There is a photo of my mother taken in 1969 when she was 28. It was taken on a family vacation in Wildwood, NJ. She is standing in the ocean with my sister on her hip and me standing by her side and she is wearing a black one piece bathing suit and she looks amazing. She’s curvy and gorgeous and her head is tilted with her eyes staring right into the camera with this saucy look on her face. She’s an absolute stunner. Two children under the age of 5 and her body was slamming. I covet a body like that, anyone would covet a body like that.
Only I don’t remember this vacation nor do I ever remember my mother looking like that. The mother of my memory has a weight problem. Since I was old enough to understand what eating was my mother told me time and time again how awful it was being fat and how kids made fun of her and how if I was not careful it would happen to me. The really sad thing is now that I look at the photos of her as a child she was round but far from fat and the photos of her as a young adult before she met my father? To be rather indelicate my mother was built like a brick shit-house. Someone, somewhere in her past convinced her that she was fat and ugly. Maybe it was a voice in her head or maybe it was someone whose opinion she trusted. I don’t know and I probably will never know.
I wonder if I went back in time to 1959 or even to that summer at the Jersey Shore and told her that she was gorgeous would it have any effect upon her? Would she begin to see the beauty she possessed and even more importantly would she convey that acceptance of her body to my sister and I? I can not speak for my adorable sister but I know that I have struggle with body image nearly every day of my life. One of my earliest memories is my mother telling me, when I was 10 and fell in love with a white two-piece bathing suit bedecked with daisies, that white makes you look fat. I was 10 and looking back I was no where near “fat” but she may have been projecting or just repeating a vicious lie either way I haven’t worn white sense.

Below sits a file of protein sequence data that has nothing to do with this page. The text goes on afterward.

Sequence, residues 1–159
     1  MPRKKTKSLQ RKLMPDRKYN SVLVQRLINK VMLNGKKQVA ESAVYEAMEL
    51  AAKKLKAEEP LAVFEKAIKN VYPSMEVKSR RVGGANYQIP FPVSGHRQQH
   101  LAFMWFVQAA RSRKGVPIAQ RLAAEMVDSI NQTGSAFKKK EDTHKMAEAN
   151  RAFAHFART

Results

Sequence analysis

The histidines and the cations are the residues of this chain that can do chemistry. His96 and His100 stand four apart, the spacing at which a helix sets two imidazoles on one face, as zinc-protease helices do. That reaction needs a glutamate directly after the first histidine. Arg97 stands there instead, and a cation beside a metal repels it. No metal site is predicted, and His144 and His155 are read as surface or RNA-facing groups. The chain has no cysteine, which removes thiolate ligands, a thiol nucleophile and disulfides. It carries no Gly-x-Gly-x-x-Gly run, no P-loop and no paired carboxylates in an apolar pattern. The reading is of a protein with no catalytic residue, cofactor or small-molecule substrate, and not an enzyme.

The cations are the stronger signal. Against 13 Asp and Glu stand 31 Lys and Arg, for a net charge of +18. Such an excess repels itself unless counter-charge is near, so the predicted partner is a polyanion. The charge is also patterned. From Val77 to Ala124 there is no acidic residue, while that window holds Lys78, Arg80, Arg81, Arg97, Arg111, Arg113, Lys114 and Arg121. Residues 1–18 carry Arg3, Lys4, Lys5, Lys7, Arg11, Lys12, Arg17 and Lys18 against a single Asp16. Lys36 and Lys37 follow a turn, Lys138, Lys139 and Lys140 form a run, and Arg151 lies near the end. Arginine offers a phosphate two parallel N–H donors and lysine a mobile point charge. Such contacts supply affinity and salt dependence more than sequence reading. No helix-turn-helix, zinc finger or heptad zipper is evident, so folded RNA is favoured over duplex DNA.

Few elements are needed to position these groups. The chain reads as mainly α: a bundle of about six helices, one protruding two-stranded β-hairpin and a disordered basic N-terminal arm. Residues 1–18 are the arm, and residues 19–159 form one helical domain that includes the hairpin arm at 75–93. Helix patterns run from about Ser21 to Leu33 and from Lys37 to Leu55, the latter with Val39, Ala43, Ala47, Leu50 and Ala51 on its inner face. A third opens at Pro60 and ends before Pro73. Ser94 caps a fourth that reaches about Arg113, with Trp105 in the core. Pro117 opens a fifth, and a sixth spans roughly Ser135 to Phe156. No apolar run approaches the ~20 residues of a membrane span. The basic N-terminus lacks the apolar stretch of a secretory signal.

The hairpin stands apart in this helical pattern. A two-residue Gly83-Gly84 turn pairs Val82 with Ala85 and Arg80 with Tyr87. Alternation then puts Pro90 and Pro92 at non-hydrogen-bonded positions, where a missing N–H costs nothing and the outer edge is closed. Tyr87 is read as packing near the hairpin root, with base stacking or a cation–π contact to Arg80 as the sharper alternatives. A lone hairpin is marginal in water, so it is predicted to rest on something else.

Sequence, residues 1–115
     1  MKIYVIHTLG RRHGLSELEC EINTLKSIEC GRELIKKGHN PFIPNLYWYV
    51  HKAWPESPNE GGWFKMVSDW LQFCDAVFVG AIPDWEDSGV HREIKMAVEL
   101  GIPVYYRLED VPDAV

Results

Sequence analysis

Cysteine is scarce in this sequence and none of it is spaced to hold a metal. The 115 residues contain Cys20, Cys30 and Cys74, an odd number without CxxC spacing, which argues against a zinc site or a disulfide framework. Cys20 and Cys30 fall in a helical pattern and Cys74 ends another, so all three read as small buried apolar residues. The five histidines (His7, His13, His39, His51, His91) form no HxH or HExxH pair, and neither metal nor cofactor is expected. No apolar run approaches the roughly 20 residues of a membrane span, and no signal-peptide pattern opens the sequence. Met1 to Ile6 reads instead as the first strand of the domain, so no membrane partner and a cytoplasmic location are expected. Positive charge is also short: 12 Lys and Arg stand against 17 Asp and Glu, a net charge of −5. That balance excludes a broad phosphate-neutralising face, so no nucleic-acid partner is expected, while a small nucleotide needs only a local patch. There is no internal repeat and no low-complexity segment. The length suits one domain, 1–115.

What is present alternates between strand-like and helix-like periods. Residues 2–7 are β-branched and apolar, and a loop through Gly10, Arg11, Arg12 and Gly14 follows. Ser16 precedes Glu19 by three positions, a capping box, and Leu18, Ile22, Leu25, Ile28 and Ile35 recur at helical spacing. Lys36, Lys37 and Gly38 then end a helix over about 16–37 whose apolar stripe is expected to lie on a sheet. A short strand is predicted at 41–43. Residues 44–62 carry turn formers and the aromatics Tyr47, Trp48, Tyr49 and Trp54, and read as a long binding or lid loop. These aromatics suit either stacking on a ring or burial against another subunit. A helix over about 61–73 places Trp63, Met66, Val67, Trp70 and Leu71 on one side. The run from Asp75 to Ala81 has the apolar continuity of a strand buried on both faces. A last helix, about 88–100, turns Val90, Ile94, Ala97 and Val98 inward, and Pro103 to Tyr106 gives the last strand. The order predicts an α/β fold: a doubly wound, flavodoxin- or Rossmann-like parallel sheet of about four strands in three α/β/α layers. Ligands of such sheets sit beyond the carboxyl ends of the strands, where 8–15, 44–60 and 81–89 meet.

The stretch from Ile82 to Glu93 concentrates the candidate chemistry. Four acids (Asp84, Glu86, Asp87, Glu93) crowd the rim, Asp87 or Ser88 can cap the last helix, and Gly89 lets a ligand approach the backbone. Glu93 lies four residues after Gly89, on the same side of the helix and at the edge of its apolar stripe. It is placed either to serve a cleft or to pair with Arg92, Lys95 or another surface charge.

Now don’t get me wrong I am NOT blaming my mother for MY negative body image, though since turning 40 I’ve actually grown to enjoy the way I loo. However you still couldn’t pay me to wear white pants. I wonder if she hadn’t spent my childhood going on every fad diet that found it’s way through the neighborhood ladies on yellowed pieces of mimeographed paper like some secret family recipe or purchased insane “exercise” equipment that shook or electrocuted those unwanted pounds away maybe I’d be more accepting of the way I look. And MAYBE through that acceptance I’d feel more worthy of those intangible things that life has in store for us like, oh I don’t know, love?
The only thing I DO know is the negativity stops here. I too have two girls and I do not use terms like “fat” or “ugly” and to be quite frank “pretty” and “beautiful” don’t come up too often either . We’re strong, smart and neat; sometimes pretty and beautiful too but I want my daughters to be more than their appearances. Yes, appearances are important but they’re not everything and I want them to know that most of all.